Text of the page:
Lance Cormier not properly equipped
Reliever, who hasn't gotten consistent work, gives up winning hit in ninth to Giants
LOS ANGELES -- That was Lance Cormier taking the walk of shame Wednesday night, getting a boo shower as he walked from the mound to the dugout after the top of the ninth inning.
That was Cormier who had just given up a three-run homer to Cody Ross, wasting a stirring comeback by the Los Angeles Dodgers and sticking them with an 8-5 loss to Ross' San Francisco Giants before 30,421 at Dodger Stadium.
That was Cormier standing at his locker, dutifully answering questions from the handful of reporters about how he let this game get away.
Still, there is a question here of fairness.
Even in an increasingly depleted bullpen, one that already has three key guys on the disabled list and a fourth who isn't available and might be headed there, Cormier hasn't been able to get work of late. The reason, at least the official one given by manager Don Mattingly, is that Cormier is the long guy, and there hasn't been much of a need for a long guy, at least not since he gave up a total of seven runs in back-to-back outings April 14-15.
Since then, Mattingly has taken a don't-call-us-we'll-call-you approach with Cormier, and those calls have gone out exactly four times -- April 22, nine days after that on May 1, nine days after that on May 10 and, finally, eight days after that on Wednesday.
It was perfectly understandable that Cormier was the guy Mattingly had out there in the top of the eighth, with the punchless Dodgers trailing by a seemingly insurmountable three runs, bringing him in to get the final out after Mike MacDougal couldn't get through his one inning. But was it so understandable that Cormier was the guy who went back out for the ninth after the Dodgers had scratched out three runs in their half of the eighth, the final one on a two-out RBI single by much-maligned first baseman James Loney against previously invincible Giants closer Brian Wilson?
"All that is, is an excuse," Cormier said. "I had gotten the last out with a ground ball the inning before that. The next inning, I got a couple more ground balls. But I hung a curveball [to Ross], and he did that with it. I want to be out there for sure, no matter what inning it is or what the score is. I'm out there battling."
As reporters crowded into his cramped office after the game, Mattingly was quizzed on two aspects of his choice to pitch the ninth inning.
First, there was the choice itself. The Dodgers basically were down to four available relievers, and Cormier was the last one. Vicente Padilla was down for the second night in a row because of tightness in his forearm, and there was no additional word after the game following Padilla's meeting with a doctor beforehand. Rookie Kenley Jansen had pitched in four of the previous five games on this homestand. And Matt Guerrier, who had pitched a perfect ninth for his first save of the season on Tuesday night against the Milwaukee Brewers, had pitched each of the previous two days.
No Dodgers reliever had worked on three consecutive days this season, but Guerrier -- who worked on three consecutive days three times last season with the Minnesota Twins and was among the American League's appearance leaders each of the last four years -- said after the game he was ready if needed.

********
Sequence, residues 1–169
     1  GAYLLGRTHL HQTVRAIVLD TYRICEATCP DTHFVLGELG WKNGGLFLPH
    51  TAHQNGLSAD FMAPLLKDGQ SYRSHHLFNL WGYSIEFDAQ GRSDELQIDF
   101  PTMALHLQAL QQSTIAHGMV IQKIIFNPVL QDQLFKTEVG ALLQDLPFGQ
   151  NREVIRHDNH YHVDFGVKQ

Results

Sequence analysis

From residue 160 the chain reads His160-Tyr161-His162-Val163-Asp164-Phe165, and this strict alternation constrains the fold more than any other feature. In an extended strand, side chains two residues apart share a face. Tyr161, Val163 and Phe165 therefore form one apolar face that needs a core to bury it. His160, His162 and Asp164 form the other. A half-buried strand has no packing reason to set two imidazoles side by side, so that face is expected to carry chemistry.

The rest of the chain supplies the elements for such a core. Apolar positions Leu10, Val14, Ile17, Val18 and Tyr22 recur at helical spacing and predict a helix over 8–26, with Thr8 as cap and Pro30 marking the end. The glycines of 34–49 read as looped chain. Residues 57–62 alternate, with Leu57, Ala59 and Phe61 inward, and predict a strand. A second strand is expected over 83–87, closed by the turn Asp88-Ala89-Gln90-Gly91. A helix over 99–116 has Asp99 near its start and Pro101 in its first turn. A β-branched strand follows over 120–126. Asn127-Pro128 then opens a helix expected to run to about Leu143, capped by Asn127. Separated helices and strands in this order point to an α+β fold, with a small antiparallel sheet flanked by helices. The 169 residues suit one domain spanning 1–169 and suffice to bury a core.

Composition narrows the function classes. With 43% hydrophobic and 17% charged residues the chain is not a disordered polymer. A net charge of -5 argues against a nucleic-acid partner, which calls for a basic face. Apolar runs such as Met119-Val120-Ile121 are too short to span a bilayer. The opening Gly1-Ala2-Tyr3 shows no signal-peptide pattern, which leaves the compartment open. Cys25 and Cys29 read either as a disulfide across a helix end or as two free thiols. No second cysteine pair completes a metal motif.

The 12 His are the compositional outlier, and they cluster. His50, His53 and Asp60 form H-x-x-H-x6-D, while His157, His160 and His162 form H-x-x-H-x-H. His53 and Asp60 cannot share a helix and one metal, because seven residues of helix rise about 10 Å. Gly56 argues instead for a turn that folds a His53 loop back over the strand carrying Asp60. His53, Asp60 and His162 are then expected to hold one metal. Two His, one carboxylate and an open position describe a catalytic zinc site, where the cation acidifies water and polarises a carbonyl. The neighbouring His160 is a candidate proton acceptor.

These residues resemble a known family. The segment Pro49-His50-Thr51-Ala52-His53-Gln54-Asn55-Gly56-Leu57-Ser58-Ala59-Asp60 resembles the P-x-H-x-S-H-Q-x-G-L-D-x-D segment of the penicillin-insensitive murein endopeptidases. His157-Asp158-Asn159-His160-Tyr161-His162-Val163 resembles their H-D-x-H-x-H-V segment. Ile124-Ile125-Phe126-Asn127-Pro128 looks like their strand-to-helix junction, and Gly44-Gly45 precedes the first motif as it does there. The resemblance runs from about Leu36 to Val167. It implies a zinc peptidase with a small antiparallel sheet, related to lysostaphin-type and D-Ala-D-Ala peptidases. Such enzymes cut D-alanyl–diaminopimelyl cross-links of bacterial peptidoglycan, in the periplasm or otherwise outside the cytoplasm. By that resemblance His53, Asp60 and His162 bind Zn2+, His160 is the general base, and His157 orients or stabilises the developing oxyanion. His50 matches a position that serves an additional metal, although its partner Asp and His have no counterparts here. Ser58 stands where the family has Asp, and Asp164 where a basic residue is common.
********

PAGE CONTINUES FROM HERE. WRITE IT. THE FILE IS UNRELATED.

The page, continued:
"We didn't want to use him," Mattingly said. "But if we had gotten a lead [in the eighth], we would have tried it [in the ninth]."
Second, Mattingly was asked if Cormier might be better suited to such situations if he were used more often than, say, once every 10 days.
"We try to," Mattingly said. "But the games we have been playing, there just hasn't been that spot. We got him into that game in Pittsburgh [a 10-3 win on May 10], but we have been playing one-run games. At that point, his role hasn't really been called for. We would like to get him regular work, but the games determine how we use him and when we use him."
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Actually, ultimately, it is Mattingly, with input from pitching coach Rick Honeycutt, who determines how and when Cormier is used. This is just the spot they have pigeonholed him into for the moment, and yes, it is a consequence of how ineffective Cormier was early on after making the team as a non-roster invitee to spring training.
Still, Cormier, a veteran right-hander who now has a ghastly 10.03 ERA in eight appearances, was a key part of a rock-solid Tampa Bay Rays bullpen over the last two seasons. He also had pitched adequately in those few-and-far-between outings since those back-to-back blowups in mid-April. He is on the team, taking up a roster spot and $800,000 of the payroll, so maybe Mattingly ought to consider using him once in a while.
There was no shortage of reasons for second-guessing after this one, culminating in the fact it was Ross -- a guy the Dodgers dumped in 2006 because they didn't have room for him in an outfield of J.D. Drew in right, Kenny Lofton in center and a platoon of Ricky Ledee and Jose Cruz Jr. in left, a guy who was the Most Valuable Player of last year's National League Championship Series -- who delivered the big blow.
But even if he wasn't about to admit it, it was a tough spot for Cormier in which to be. And now, especially at a time when the bullpen is so short, it is within Mattingly's power to make sure the next time something like this comes up, Cormier is better equipped for it.
Tony Jackson covers the Dodgers for ESPNLosAngeles.com.